I have already mentioned residential developments in the Western Drive area, but other housing areas developed in the nineteen sixties included East Grove, Sunnybank, Hawthorn Gate and Millfields. One large public development in this period was the Open Air Swimming Pool ( photo on left ) which was opened in 1964 by the local M.P. Lance Mallalieu. The pool was built by the local firm of Arnold Pickard and I can remember seeing the large hole being excavated in the park. Pickard's yard was on Castledyke West and Arnold later ventured into racehorse ownership, owning horses such as "wages day" and " Copper Day" which would occasionally be featured on race meetings on television.

Buildings which were demolished during this period included the Jehovah's Witnesses Kingdom Hall on Waterside Road, which was constructed of green corrugated steel sheets, the Whiting Mill at the bottom of Castledyke West, Winships Flags on High Street and the old Ket house on Dam Road.

The building on Maltby Lane which is currently used as the Youth Centre served as both the library and the Salvation Army Citadel during the early sixties.

The Countryside

The area around the town has not altered dramatically since the sixties, but some small farmsteads and market gardens have become swallowed up by housing developments. I can recall Park Farm on Horkstow Road ( Andrews), the market gardens including Duckers on Pasture Road, Hornsbys on Eastfield Road and Shores on Caistor Road.

Living on West Acridge we often used to go for a walk across the fields onto Gravel Pit Lane, and then return along Westfield Road, but that footpath became closed with the development of the Humber Bridge Approach Road.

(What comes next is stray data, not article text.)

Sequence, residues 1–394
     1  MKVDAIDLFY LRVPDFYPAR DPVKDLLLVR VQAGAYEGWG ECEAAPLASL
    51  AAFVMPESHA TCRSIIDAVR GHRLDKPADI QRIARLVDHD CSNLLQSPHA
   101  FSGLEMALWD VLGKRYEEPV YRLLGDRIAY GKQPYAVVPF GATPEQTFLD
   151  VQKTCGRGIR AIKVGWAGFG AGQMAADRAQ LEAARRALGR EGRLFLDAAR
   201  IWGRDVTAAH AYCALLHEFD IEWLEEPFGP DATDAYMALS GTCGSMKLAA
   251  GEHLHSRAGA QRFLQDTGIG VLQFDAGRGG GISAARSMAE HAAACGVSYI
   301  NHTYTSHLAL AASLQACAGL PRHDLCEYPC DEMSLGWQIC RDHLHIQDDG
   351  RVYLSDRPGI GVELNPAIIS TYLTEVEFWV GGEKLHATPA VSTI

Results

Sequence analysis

The towns refuse in those days was crudely dumped in the old clay pit at the end of Dam Road, where The Civic Amenity site now stands, but there was little or no control over what was tipped or how it was buried.

Earles Cement of Hull were digging out vast quantities of clay in that period for shipping across the Humber. This has resulted in the large areas of open water in the north-east corner of the parish, one of which became the home of the North Lincs Sailing Club around that time. Once this land was worked out, Earles started digging clay south of the railway line and I can remember a tunnel being constructed under the railway to allow the clay to be transported to the warf along a mineral railway. Earles obviously bought up large tracts of land for future use which was never used, and this is how the " Blue Circle " land which has been discussed recently came into being, once Earles was taken over.

The Humber Road industrial estate was constructed through Hoodless's field between Dam Road and Far Ings Lane.


The Central Surgery on King Street was much smaller when I was a child, and as I remember only had the one receptionist. My own G.P. was Doctor Gilmour ( later replaced by Doctor Dickinson ), and his colleagues in the sixties were Doctor's Kirk, Howard, Birtwistle ( George ) and son Jimmy Gilmour. Doctor Jim Robertson was the Medical Officer for Health and would pay visits to the schools at regular intervals to hold check-ups etc.

I know it is said that nostalgia is only remembering the best bits of history, but I am sure you will agree that some things were better in those days.


Story by Andrew Robinson Chairman of the Barton Civic Society